While not a panacea, exercise is often recommended as a method to reduce the risk of cardiovascular disease, diabetes, cancer, arthritis and many additional physical maladies.
New research now suggests that exercise may also improve cognitive function in those at risk for Alzheimer’s by improving the efficiency of brain activity associated with memory.
J. Carson Smith, Ph.D., a professor for the University of Maryland School of Public Health, discovered that an exercise intervention with older adults with mild cognitive impairment (average age 78) improved not only memory recall, but also brain function, as measured by functional neuroimaging (via fMRI).
The study is pertinent as memory loss leading to Alzheimer’s disease is one of the greatest fears among older Americans. While some memory loss is normal and to be expected as we age, a diagnosis of mild cognitive impairment, or MCI, signals more substantial memory loss and a greater risk for Alzheimer’s, for which there currently is no cure.
Smith’s research is published in the Journal of Alzheimer’s Disease.
“We found that after 12 weeks of being on a moderate exercise program, study participants improved their neural efficiency – basically they were using fewer neural resources to perform the same memory task,” said Smith. “No study has shown that a drug can do what we showed is possible with exercise.”
For the study, two groups of physically inactive older adults (ranging from 60 to 88 years old) were put on a 12-week exercise program that focused on regular treadmill walking and was guided by a personal trainer.
Both groups – one which included adults with MCI and the other with healthy brain function – improved their cardiovascular fitness by about ten percent at the end of the intervention.
More notably, both groups also improved their memory performance and showed enhanced neural efficiency while engaged in memory retrieval tasks.
Experts say the study results are realistic because the prescribed level of physical activity matches the physical activity recommendations for older adults.
These guidelines urge moderate-intensity exercise (activity that increases your heart rate and makes you sweat, but isn’t so strenuous that you can’t hold a conversation while doing it) on most days for a weekly total of 150 minutes.
Experts comment that one of the first observable symptoms of Alzheimer’s disease is the inability to remember familiar names.
In the study, Smith and colleagues had participants identify famous names and measured their brain activation while engaged in correctly recognizing a name – e.g., Frank Sinatra, or other celebrities well known to adults born in the 1930s and ’40s. “The task gives us the ability to see what is going on in the brain when there is a correct memory performance,” Smith explains.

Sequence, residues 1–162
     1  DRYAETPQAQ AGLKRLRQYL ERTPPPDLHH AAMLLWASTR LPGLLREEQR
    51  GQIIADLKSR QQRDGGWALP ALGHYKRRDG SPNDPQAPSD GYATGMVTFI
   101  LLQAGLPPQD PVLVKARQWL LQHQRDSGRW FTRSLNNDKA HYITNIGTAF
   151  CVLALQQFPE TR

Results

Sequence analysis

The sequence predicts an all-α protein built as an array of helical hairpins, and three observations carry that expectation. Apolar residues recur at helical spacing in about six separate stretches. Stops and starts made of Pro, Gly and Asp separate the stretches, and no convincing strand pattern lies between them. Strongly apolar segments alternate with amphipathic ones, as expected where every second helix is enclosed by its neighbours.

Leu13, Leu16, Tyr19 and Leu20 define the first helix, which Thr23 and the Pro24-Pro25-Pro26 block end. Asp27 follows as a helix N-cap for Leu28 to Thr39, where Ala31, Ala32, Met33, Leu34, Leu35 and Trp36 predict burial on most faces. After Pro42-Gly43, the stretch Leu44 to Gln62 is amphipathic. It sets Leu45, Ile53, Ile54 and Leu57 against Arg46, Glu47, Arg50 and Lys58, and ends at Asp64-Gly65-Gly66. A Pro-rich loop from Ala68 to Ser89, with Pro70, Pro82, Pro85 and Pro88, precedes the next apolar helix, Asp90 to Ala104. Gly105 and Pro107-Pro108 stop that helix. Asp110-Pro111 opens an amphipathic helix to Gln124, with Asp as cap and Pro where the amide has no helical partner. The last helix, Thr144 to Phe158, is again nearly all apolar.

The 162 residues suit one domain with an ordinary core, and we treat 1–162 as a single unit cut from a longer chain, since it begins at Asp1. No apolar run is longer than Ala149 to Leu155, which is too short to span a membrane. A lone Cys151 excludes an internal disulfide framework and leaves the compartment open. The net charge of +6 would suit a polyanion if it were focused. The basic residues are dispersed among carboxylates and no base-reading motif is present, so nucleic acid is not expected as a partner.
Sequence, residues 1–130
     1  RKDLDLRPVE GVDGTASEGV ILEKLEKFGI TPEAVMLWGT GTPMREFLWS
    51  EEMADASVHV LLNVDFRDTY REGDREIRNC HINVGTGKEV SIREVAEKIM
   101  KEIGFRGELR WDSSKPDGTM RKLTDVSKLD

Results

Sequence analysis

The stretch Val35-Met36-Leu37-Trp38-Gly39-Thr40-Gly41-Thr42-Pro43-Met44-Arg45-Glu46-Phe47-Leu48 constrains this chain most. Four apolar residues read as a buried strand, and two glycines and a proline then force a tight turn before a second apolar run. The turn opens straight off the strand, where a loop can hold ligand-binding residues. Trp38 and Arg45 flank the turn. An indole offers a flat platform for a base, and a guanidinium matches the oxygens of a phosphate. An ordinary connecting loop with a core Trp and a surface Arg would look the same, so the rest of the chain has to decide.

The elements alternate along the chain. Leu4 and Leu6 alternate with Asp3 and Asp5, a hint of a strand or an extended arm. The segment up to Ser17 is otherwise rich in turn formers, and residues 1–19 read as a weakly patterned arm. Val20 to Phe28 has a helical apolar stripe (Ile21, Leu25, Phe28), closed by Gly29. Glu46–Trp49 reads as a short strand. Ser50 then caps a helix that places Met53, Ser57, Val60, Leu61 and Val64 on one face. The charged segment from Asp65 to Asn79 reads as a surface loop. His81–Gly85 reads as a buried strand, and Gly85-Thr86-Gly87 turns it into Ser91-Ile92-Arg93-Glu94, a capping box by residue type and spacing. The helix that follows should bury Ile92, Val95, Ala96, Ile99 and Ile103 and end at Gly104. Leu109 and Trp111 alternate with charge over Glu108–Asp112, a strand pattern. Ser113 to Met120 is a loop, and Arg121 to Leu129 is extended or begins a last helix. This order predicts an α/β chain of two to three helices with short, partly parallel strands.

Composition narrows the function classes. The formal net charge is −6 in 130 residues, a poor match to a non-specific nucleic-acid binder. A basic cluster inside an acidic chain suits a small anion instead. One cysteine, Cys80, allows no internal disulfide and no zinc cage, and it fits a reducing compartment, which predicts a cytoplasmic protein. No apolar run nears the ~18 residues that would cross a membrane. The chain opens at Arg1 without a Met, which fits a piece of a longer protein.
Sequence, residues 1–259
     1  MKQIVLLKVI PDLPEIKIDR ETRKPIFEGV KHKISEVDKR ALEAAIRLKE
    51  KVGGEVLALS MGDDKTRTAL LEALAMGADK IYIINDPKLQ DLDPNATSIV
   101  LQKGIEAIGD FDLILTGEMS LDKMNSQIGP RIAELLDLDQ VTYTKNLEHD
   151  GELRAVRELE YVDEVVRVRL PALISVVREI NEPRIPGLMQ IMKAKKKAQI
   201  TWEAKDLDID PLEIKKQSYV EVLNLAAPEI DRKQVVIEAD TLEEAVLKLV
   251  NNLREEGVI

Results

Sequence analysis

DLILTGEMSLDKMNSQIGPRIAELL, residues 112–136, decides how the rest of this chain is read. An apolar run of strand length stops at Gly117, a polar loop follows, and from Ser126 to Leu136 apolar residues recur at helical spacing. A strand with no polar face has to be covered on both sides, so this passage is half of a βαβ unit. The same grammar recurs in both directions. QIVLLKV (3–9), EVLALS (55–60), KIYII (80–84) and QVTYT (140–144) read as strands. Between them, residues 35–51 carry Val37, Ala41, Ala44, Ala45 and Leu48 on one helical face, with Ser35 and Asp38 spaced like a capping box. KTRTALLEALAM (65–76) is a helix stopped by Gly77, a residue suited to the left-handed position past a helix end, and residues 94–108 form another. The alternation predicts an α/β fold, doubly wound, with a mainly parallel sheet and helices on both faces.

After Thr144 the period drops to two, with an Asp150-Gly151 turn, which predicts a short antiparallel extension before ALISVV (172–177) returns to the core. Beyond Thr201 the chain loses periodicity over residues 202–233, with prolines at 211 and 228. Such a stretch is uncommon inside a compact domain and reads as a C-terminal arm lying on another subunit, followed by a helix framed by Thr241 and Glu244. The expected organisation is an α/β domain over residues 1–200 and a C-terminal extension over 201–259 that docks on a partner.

Tests and imaging were performed both before and after the 12-week exercise intervention. Brain scans taken after the exercise intervention showed a significant decrease in the intensity of brain activation in eleven brain regions while participants correctly identified famous names.
The brain regions with improved efficiency corresponded to those involved in the pathology of Alzheimer’s disease, including the precuneus region, the temporal lobe, and the parahippocampal gyrus.
The exercise intervention was also effective in improving word recall via a “list learning task,” i.e., when people were read a list of 15 words and asked to remember and repeat as many words as possible on five consecutive attempts, and again after a distraction of being given another list of words.
“People with MCI are on a very sharp decline in their memory function, so being able to improve their recall is a very big step in the right direction,” Smith said.
Researchers believe the study suggests that exercise may be a preservative for mental function, reducing the need for over-activation of the brain to correctly remember something. That is encouraging news for those who are looking for something they can do to help preserve brain function.
Smith plans a larger study that would include more participants, including those who are healthy but have a genetic risk for Alzheimer’s. He will then monitor the association and benefits of exercise in comparison to other types of treatments.
Overall, he and his team hope to learn more about the impact of exercise on brain function and whether it could delay the onset or progression of Alzheimer’s disease.